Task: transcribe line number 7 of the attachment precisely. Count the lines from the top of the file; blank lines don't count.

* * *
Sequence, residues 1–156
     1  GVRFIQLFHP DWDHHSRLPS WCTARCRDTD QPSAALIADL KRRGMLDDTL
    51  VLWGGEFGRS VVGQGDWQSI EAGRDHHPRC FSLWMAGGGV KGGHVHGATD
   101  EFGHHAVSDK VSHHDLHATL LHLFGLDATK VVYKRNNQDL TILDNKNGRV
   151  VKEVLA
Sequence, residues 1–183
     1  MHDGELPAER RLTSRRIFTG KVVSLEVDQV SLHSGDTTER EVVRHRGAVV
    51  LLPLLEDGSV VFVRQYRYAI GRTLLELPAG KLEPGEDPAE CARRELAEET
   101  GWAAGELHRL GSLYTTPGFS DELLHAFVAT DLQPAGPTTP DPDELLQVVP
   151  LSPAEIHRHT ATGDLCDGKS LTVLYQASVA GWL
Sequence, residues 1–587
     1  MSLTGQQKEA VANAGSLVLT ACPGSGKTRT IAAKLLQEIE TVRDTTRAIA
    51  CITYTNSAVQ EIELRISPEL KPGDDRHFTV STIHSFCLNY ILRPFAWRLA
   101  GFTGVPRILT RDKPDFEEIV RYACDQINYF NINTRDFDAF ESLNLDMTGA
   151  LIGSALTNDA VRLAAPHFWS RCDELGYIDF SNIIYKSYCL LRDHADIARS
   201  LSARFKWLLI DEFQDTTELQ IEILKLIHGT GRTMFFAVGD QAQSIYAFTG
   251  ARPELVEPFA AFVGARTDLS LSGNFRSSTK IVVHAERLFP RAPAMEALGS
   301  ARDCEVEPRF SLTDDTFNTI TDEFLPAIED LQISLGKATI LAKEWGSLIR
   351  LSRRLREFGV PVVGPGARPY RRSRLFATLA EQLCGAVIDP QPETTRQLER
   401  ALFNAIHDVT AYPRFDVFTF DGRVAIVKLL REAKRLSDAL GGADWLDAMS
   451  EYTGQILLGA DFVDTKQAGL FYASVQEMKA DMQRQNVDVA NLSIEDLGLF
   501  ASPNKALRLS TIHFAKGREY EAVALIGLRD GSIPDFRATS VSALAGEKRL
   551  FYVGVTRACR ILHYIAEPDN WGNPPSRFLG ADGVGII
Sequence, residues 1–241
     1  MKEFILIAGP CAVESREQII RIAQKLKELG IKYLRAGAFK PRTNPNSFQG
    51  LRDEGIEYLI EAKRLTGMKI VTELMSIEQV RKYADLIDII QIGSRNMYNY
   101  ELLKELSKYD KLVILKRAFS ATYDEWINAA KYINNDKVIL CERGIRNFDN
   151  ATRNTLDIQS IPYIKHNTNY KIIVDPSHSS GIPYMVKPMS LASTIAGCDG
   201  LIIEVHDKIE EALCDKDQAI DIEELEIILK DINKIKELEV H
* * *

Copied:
     1  MHDGELPAER RLTSRRIFTG KVVSLEVDQV SLHSGDTTER EVVRHRGAVV